Besides that (worthy) goal of alleviating suffering, advocates of assisted suicide aim for another goal: control. They want terminally ill patients to be able to control their own end.

But there’s another element of control that must be considered when it comes to assisted suicide – control over the thing itself.

Supporters of the legislation will say that it includes sufficient safeguards, that the choice to end one’s life will belong to the patient alone – not her doctors, not her insurers, not her family.

But there’s only so much they can control.

They can’t control what kind of pressures patients will experience. They can’t distinguish between overt coercion and the low-grade kind that builds up over time.

They can’t control the shift of societal opinion towards death as duty. They can’t control how the medical and insurance industries will react, and even use, that shift to their own ends.

And they can’t control what kind of impact assisted suicide – even the option of assisted suicide – will have on families. If for no other reason than this, let’s encourage the Maryland Senate to set aside this legislation.

Let’s allow families dealing with the grave illness of a loved one to handle their situation without the burden of struggling with another, perhaps longer-lasting, kind of pain.

 

If you are a resident of Maryland who would like to register opposition to this legislation, please visit the website of the Maryland Catholic Conference.

Against Assisted Suicide

A Tale of Two Soldiers, Revisited

The following post is from this past July. To mark Veterans Day (and Ed’s 88th birthday tomorrow), I thought it was worth sharing again.

Thank you to all who have served and sacrificed for our country in the armed forces.

When we were in Minnesota last week visiting my husband’s family, we paid a couple of visits to Brennan’s stepfather, Ed, at his nursing home. Ed is the man who taught my husband about responsibility, who provided him with structure and support through his teenage years, who was there for Brennan in the difficult time after his own father passed away. Ed is also a World War II veteran who fought in the Battle of the Bulge and was wounded just days before the war ended.

With my own parents still in their ‘50’s, it was more than a little difficult for me to get used to having a (step)father-in-law who is a member of the “greatest generation.” And I have to admit that, having seen him only once or twice a year for the past six years, I don’t know Ed very well. But I know that my husband loves and respects him. And I know that he has lived a long and interesting life, with his fair share of pain.

Some of it, of course, can be traced to his service in that awful war. Shortly before it ended, Ed found himself in Passau, Germany. In trying to rescue his sergeant, who had been shot, Ed was himself shot in the lung and the arm. He earned the bronze star for his actions. And he has lived with the repercussions of his injuries ever since.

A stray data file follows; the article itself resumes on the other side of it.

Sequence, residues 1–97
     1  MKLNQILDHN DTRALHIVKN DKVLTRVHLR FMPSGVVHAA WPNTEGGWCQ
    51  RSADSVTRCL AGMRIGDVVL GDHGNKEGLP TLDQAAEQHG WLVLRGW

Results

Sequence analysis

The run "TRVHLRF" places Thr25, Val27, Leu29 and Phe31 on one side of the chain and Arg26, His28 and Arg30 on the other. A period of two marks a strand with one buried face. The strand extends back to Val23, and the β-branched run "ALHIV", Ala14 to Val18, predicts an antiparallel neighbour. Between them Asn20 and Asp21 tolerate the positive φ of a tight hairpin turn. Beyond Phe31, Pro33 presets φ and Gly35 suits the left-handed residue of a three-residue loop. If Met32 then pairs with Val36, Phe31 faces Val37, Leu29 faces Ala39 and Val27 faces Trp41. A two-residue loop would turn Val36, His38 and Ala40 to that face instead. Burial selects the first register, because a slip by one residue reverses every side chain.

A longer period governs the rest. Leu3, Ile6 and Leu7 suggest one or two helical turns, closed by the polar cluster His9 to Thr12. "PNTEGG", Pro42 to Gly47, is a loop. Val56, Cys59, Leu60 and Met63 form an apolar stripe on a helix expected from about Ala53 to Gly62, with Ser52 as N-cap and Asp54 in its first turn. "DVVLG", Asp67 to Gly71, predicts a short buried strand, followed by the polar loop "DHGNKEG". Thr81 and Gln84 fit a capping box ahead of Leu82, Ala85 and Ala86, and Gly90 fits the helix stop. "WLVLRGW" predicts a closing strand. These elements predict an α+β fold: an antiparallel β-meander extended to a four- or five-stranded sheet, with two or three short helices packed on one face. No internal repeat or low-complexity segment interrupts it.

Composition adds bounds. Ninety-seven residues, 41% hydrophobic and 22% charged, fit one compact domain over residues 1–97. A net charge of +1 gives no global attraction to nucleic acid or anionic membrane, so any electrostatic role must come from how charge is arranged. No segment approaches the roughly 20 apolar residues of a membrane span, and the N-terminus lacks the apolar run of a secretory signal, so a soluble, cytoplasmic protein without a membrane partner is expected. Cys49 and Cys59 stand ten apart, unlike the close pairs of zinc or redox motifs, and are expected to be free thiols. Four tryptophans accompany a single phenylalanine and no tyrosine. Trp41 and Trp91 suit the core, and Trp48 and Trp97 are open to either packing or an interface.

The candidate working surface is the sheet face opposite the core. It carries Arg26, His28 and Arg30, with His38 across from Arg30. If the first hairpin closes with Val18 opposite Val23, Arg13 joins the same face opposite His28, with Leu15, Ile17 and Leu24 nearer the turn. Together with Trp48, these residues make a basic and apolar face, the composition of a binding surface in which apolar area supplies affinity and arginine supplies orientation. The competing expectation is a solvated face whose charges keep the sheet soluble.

Standing in Ed’s nursing home room during this year’s visit, I was reminded powerfully of an exchange I had with another World War II veteran, 13 years ago. Then, I was sitting on a train platform outside Munich – exhausted, overwhelmed, and anxious – having just arrived hours before – by myself – for a summer studying German at a language institute in Bavaria.

The elderly, frail gentleman was sitting on a bench by himself. I’m sure he could tell I felt lost, looking around for a perch for myself and my unwieldy luggage. He indicated that I should sit next to him. Once it became obvious that I was an American (and quite possibly this was obvious before I even opened my mouth), he started speaking to me in English. We made small talk; I told him about my plans to study German that summer.

After a few minutes chatting cordially, he paused and looked at me intently. He said “An American did this to me.” Turning slightly, he revealed to me the shoulder that I could not, until then, see. It looked like a large chunk of flesh had been carved away from it. His scrawny arm hung lamely at his side. “I saw the man who did it,” he said. “I saw his eyes.”

Lightening his tone somewhat, he continued: “I don’t blame him. We were at war. We were doing what we were told. If he hadn’t shot me, I would have shot him.” (Pause – deathly still pause.) “War is an awful, horrible thing. It is always horrible. Don’t you ever forget that.”

Then, stripping away the tension entirely, the old soldier smiled and told me, “I love America. My wife and I visit New York with friends every year.” Before we parted, he raised his eyebrows at me and said, “Now, as soon as you arrive at your institute, you call your mother. You call your mother. She’ll be worried about you.”

I don’t think I’ll ever forget the experience.

Whenever I see an elderly person, particularly one who looks weak or ill, I wonder what kind of a life they’ve lived. I wonder at the events and the change they must have seen in their lifetime. Whenever I see an old man wearing one of those hats that veterans wear – the kind that denotes the ship they served on – I envision the young, strong man he must have been. I don’t know what to say or do, except to show a little kindness and maybe a little love. I want to ask, but I don’t want to intrude. I want to thank, but I don’t want to sound trite. So mostly I just wonder. And I say a little prayer.